Ready to ditch your crummy cube and pink-slip worries for something better? Consider these high-flying companies that aren’t just surviving, but thriving.
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So you want to feed people...
Choose: Food Products
Everybody’s got to eat, so it makes sense that even in the most trying of times companies that produce food are some of the healthiest in our economy. That’s particularly true in Minnesota, where employers focused on the design, production, and manufacturing of food products are some of the most economically viable in the state. Think employee longevity and loyalty, strong benefit packages, competitive salaries, and an opportunity to blend science with sustenance. Send your resumé to:
Chances are there’s at least one box of cereal in your kitchen. According to Linda Fisher, consumer communications manager for the Malt-O-Meal Company, cereal can be found in 90 percent of U.S. households, making it a $7.2 billion-dollar industry. Headquartered in Minneapolis, Malt-O-Meal employs some 1,700 workers nationwide, representing a significant piece of the breakfast pie. In fact, one out of every 10 bowls of cereal consumed in the United States is one of MOM’s products. malt-o-meal.com
Looking for an employer with deep Minnesota roots? Look no further than General Mills, a multinational food producer that began in 1866 when Cadwallader Washburn built a flourmill on the banks of the Mississippi River. Today, General Mills employs more than 5,500 workers in Minnesota. Cereal is still at the company’s core, but expansion into international products like Wanchai Ferry frozen dumplings helps keep the Mills turning. Hiring continues to move at a healthy pace, with increased emphasis on engineering, marketing, sales, and sourcing. generalmills.com
If you dream of sharing your brownies with the world, you’ll quickly discover that there’s more to creating a best-selling food product than finding space on a grocery store shelf. Since 1989, Merlin Development, a Plymouth-based food-product development and research firm, has been helping tiny- to-Titanic-sized companies ready their food products for national distribution. Merlin employs just nine full-time workers, but its number of consultants and contractors nearly doubles under deadline or when projects pile up, says company founder Leslie Skarra. Benefits include a flexible office environment and an opportunity to think creatively while working with the industry’s biggest names. merlindevelopment.com
They’re not just making bacon at Hormel. The 120-year-old Austin-based firm has grown from a pork processor into an international producer of meat-based food products, including such popular brands as Chili Master Chili, Compleats Microwave Meals, and Bacon Bits. Hormel’s nearly 8,000 Minnesota employees can expect entry-level salaries ranging from $45,000 to $50,000, competitive benefits, and an environment that was recently recognized as one of the best places to work for recent grads by one ratings service. In the next half-decade, Hormel officials estimate they’ll hire around 260 salaried workers in Minnesota.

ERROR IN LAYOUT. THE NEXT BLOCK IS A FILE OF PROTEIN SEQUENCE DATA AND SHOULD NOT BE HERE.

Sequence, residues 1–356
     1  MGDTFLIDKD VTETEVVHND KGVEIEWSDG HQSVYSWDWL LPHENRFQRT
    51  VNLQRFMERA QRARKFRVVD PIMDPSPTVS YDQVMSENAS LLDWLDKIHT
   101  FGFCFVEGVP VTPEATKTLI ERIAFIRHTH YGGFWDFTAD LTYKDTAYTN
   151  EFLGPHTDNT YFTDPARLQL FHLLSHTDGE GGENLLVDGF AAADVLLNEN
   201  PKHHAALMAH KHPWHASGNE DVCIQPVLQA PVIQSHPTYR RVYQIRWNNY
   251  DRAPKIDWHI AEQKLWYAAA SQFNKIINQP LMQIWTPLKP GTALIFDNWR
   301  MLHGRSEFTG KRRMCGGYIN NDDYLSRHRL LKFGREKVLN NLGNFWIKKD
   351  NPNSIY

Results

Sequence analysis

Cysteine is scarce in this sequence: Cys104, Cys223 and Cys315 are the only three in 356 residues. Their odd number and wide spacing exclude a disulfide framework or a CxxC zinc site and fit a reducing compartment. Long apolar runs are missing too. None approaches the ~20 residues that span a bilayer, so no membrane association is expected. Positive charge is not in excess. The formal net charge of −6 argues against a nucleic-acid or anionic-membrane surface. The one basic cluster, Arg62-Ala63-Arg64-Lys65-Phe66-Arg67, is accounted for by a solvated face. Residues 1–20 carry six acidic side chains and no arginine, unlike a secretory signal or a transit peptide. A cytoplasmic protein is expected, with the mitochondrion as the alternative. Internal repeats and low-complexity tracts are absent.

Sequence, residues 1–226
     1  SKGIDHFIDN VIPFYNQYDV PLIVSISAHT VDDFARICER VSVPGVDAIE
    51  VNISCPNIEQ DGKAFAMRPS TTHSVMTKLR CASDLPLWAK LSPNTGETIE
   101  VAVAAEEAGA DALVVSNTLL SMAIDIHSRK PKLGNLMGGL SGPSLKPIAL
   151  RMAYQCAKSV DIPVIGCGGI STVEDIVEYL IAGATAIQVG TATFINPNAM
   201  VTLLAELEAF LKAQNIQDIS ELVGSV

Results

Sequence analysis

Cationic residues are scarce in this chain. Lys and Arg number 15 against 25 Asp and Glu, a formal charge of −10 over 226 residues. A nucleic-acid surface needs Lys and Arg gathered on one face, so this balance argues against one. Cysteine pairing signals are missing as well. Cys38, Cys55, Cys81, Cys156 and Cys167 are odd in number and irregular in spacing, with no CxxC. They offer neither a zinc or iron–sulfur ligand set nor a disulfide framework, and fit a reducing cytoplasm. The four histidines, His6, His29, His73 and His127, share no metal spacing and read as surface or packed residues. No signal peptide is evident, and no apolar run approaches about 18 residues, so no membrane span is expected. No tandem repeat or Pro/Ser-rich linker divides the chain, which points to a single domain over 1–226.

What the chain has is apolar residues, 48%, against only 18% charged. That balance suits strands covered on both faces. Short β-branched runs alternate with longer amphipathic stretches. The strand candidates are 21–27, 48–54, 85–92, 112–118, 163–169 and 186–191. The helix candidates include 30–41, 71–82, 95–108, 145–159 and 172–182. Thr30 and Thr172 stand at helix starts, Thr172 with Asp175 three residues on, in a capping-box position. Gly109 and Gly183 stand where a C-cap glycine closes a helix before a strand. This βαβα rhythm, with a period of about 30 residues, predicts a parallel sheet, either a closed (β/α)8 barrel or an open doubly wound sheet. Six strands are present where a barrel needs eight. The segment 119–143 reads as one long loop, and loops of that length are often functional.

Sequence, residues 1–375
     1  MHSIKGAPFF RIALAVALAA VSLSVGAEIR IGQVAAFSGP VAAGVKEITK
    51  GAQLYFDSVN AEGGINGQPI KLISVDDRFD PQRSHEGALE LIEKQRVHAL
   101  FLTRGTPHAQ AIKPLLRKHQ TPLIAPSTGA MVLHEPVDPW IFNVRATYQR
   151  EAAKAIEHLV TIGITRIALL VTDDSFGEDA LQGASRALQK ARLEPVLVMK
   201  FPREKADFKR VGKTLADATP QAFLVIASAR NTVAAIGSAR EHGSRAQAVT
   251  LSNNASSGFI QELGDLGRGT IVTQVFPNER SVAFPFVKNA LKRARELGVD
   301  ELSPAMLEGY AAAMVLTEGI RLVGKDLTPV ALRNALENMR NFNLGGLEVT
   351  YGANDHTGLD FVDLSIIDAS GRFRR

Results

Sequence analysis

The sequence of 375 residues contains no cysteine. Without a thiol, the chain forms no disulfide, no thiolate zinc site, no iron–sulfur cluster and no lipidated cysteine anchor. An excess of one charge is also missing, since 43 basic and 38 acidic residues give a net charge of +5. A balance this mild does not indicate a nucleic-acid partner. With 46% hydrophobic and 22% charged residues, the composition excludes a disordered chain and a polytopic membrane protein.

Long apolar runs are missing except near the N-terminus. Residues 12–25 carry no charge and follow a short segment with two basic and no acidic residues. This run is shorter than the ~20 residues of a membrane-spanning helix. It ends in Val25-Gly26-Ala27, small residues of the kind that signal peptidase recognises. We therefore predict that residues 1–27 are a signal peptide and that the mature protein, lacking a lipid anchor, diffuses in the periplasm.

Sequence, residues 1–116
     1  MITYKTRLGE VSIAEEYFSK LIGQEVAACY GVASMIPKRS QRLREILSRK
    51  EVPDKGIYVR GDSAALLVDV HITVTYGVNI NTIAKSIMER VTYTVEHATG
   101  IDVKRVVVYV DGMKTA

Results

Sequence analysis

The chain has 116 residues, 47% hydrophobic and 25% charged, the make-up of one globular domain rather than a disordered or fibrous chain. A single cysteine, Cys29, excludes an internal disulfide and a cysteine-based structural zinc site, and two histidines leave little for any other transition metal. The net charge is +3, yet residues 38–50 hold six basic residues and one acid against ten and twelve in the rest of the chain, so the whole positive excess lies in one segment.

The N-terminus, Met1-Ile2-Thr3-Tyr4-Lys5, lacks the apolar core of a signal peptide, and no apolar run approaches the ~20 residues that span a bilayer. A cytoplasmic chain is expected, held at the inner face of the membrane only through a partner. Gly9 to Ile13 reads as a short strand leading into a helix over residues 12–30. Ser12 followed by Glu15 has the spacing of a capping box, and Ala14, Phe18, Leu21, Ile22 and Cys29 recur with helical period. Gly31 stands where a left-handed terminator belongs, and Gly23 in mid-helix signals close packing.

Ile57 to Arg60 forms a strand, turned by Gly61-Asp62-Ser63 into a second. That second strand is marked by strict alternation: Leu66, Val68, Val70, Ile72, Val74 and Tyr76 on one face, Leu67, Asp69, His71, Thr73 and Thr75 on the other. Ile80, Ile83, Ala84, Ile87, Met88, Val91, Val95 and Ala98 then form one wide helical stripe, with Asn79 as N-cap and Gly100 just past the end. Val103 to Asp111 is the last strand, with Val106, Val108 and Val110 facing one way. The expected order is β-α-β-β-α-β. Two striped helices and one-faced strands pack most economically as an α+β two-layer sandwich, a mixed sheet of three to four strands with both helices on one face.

So you're a computer geek...
If Java and Python conjure visions of computer languages instead of Starbucks and serpents, you can write your ticket in the information-technology industry. Employers are clamoring for people with expertise in computer systems, says Andy Ditlevson, associate director of career services at St. Cloud State University. “I’ve been talking to Minnesota employers who say they’re not just short now, but they expect to continue to have a tough time finding good candidates,” he says. Send your resumé to:
We wouldn’t be surprised if Nerdery Interactive’s employees prefer working overtime to going home: From a free breakfast bar and delivered lunch to chair massages at its Bloomington headquarters, this organization of self-proclaimed web nerds has perks rivaling those at Google. Think you’re ready to tap one of the company’s kegs on Friday afternoons? The firm will be adding about 100 people to its 160-person staff next year, focusing on web development for advertising and marketing agencies. Workers say they thrive in an environment where ideas are respected, management is approachable, and a fridge containing Red Bull is always just a few steps away. nerdery.com
Tired of feeling like a meaningless cog in a gigantic corporate machine? Harbinger Partners, a St. Paul-based IT staffing firm, may be the perfect solution. With just 33 employees in Minnesota—all who report directly to the company president—it’s impossible to get lost in the shuffle. Harbinger plans to add at least a dozen positions in the next five years, and every employee works from a client office or from home. Loyalty is richly rewarded: Salaried employees can purchase stock after just six months, and instead of useless anniversary trinkets, employees get rewarded in cold, hard cash—$5,000 after five years, $10,000 after 10. harbinger-partners.com
If the folks at GNET seem to use the word “family” a lot, it may be because the entire company probably isn’t much bigger than the crew you had around the table at Thanksgiving dinner. But things could soon change for the St. Paul-based company, which provides business intelligence and performance management consulting services: Its 16-person staff is poised to grow by more than 60 percent in 2011 alone. In addition to standard benefits, employees can also take advantage of flextime. gnetgroup.com